Putin’s Bullying Backfires as Finland and Sweden Edge Closer to Joining NATO

Photo credit: AFP

When Russian President Vladimir Putin first invaded Ukraine, his intentions were clear: he wanted to bring Ukraine to heel, assert Russian authority in Eastern Europe, and stop Western countries from expanding militarily and politically toward Russia’s borders, experts say. 

One of the demands Russia first had on Ukraine was that the country was never allowed into the US-led defensive alliance NATO. 

Experts also say that it seems like Putin was afraid of the West uniting against Moscow. Now, both Finland and Sweden, two countries that officially are non-aligned, are coming even closer to joining NATO. 

Finland is expected to produce a report on its security policy this week, which is one of the key steps to applying to join NATO. This report is expected to begin discussions in the country’s parliament about whether they want to join NATO. Finland said today it could decide on the matter within a matter of weeks.

Finnish Prime Minister Sanna Marin said that she hoped the discussion would wrap up before mid-summer. Foreign Minister Pekka Haavisto said that it was important that its neighboring country Sweden also took a similar process, and hoped that they would make decisions around the same time.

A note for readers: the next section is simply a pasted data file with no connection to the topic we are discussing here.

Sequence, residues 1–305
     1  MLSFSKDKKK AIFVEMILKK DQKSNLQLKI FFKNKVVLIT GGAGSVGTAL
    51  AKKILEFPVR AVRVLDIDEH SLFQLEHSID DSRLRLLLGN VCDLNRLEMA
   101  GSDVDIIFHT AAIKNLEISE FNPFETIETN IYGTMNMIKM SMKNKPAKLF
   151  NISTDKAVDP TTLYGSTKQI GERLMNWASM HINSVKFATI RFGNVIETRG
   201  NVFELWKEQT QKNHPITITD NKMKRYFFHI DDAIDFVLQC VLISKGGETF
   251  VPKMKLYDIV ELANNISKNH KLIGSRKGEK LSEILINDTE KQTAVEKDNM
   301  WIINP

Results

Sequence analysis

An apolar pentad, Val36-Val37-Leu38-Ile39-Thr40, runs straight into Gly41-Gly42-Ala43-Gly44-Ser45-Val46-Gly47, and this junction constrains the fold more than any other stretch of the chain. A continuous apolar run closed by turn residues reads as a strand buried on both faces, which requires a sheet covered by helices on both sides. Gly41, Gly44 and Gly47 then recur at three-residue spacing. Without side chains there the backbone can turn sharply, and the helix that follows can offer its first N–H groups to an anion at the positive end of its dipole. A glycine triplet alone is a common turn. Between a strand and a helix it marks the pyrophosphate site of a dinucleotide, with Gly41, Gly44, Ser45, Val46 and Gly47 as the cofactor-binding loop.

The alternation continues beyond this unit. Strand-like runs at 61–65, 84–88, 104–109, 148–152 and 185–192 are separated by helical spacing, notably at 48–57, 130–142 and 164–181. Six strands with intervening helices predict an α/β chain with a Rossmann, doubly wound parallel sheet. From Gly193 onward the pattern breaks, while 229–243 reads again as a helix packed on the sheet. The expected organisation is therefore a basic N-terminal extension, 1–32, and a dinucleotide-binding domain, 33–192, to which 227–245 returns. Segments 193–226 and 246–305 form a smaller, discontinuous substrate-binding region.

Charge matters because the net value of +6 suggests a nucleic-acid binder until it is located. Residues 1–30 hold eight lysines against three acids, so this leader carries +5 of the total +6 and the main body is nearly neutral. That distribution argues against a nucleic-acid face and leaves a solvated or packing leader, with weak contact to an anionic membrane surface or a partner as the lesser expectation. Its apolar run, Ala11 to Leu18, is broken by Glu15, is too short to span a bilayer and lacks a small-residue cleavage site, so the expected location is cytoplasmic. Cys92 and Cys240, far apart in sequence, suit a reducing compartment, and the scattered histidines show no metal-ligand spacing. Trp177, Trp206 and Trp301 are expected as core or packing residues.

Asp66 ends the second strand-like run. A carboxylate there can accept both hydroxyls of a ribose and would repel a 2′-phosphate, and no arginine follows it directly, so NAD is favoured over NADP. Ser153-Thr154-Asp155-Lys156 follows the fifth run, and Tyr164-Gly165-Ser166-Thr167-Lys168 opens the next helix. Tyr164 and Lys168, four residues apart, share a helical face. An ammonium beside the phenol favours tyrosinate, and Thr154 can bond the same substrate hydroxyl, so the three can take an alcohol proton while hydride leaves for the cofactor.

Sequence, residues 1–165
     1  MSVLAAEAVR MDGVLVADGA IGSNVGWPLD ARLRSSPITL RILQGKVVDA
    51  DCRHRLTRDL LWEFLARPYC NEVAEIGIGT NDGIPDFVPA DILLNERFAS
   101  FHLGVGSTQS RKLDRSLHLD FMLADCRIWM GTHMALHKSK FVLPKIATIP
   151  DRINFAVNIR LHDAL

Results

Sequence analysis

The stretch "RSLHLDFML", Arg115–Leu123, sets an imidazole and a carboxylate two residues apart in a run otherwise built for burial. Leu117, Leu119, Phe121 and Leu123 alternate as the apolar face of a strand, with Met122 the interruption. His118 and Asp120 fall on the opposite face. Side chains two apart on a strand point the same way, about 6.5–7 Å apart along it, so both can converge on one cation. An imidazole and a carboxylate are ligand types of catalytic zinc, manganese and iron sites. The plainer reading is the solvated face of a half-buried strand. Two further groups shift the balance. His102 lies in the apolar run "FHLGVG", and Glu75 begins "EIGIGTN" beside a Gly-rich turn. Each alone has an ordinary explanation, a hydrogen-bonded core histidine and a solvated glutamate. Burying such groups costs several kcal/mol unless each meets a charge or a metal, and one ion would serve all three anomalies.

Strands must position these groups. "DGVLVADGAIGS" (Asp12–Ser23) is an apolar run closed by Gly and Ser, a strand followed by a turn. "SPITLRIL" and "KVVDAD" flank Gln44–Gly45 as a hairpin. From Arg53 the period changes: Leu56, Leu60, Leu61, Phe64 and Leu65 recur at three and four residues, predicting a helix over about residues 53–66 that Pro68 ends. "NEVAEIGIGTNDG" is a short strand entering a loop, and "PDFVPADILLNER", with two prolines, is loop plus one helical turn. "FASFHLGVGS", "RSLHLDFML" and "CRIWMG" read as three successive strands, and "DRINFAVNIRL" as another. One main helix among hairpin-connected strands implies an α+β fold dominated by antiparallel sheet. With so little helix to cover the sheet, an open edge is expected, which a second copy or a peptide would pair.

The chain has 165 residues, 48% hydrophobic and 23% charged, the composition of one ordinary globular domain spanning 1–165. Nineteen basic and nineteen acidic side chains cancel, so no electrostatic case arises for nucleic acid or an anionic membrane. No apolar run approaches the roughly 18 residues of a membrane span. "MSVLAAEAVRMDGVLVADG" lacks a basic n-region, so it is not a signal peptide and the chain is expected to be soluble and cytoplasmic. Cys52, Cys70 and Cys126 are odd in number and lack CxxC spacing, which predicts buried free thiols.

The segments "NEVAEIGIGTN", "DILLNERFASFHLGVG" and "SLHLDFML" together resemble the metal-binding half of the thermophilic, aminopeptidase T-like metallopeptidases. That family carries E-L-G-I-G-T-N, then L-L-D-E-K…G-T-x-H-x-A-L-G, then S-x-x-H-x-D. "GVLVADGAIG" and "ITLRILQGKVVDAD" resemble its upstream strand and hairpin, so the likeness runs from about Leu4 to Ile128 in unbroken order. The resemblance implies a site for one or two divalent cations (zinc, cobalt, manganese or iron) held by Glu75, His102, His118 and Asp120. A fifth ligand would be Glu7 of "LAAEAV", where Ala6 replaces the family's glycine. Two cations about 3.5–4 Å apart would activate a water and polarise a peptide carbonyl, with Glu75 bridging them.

In Sweden, the Prime Minister, Magdalena Andersson, did not rule out the possibility of membership in NATO and said that the country is also undertaking an analysis of security policy, to be completed at the end of May. 

Since Russia invaded Ukraine, public opinion has shifted significantly. Officials in both countries appear to support joining NATO, and NATO allies and officials seem very supportive of both countries joining as well. It is expected that the objection could come from Hungary because the leader is close with Putin. 

The Kremlin is quite obviously against NATO expanding any further. Kremlin spokesperson Dmitry Peskrov warned that an expansion would not bring Europe any more stability, and said that the alliance was really a “tool for confrontation” rather than a tool of peace and stability. 

Be the first to comment

Leave a Reply

Your email address will not be published.